• The ladders.com - Job board targeted at 100K and up professionals. Their site services several specific verticals to achieve the best of both worlds: a niche board with a cross-Industry reach.
  • Jobster.com - A job board attempting to harness the power of employee referrals and social networking.
  • Pagebites.com - A place to post and view self published resumes. Very low barrier, low pretense site. If you are conducting an open, transparent job search, this could be a great way to increase exposure to your background
  • Crunchboard.com - Techcrunch (a great blog) has begun monetizing it's audience in a meaningful way here with creating it's own native job board.  Look for this "blogboard" trend to start taking off. Companies are already creating turnkey job board tools for bloggers to jump on this bandwagon.
  • Linkedin - by far the leader in professional networking. Get an account here that will allow you to search jobs and be searched by employers who subscribe. 

TIP: Also, if you do have an interview set up, double check these boards to see if that position is posted. This will give you good information to prepare yourself prior to the interview

Friday
Jan262007

Send the right message

You say a lot about who you are in how you respond to or ask certain questions. Pay attention to these cues that you send during the interview...because, yes, it's that obvious.


Clarity
Don’t make things up or ever overstate your impact on a project. Be specific about what you were (and weren't) responsible for. Also, always provide the details of your team. There is no such thing as the "perfect candidate" or a "one-man show" ...so don't portray yourself to be either one of these two myths.

Candidness
There may be details off your resume that throw up a red flag. Prevent these from turning into a problem by addressing them upfront (ex: a noticeably long commute, job history gaps of time, any title discrepancy where you'd appear to be taking a step back, etc..). Bringing it up and having an explanation will avoid having the manager draw his own conclusions.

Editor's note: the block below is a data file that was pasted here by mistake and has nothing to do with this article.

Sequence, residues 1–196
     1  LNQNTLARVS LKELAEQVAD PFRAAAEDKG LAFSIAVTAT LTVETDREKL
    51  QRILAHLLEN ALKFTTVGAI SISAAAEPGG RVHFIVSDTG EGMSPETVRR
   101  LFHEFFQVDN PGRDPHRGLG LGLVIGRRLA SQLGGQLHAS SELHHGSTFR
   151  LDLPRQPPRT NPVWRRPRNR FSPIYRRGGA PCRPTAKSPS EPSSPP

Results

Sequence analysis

Consistency
You are going to meet many people throughout the interview process and they will all convene at the end to compare notes. If you have a different versions of your answer for each person, the company may think you aren't sure about what you want, that you're not being genuine or worse... that you are schizophrenic!

Objectivity
Don't engage in heated debates over technology. If asked for your opinion, certainly provide one. But you're best off telling them you'd need a lot more background information in order to give a responsible answer. Managers often ask this kind of stuff to sniff out any heavy bias or aversion towards certain technology. It is also a good indicator of whether or not someone is flexibile and open-minded

Team Players
People with the right kind of positive attitude are always sought after. So, never talk negatively about your previous employers. Also, try to inquire about company sponsored social events or team building activities to show your interest in participating in these kinds of things

Tuesday
Jan232007

Stand by your word!

This isn't "all about you". There's a daisy chain of people that get affected by your decisions.  So, think things through before acting and then, of course, follow through with what you say.


It's your interview process, right? Why should you care about what happens to anyone else? Because hopefully you're a professional (and a decent human being!). Have some respect for other people's time and efforts as well as the "casualties"  (other candidates) that will be hurt if you don't handle things well. Furthermore, reputations are at stake (to include yours).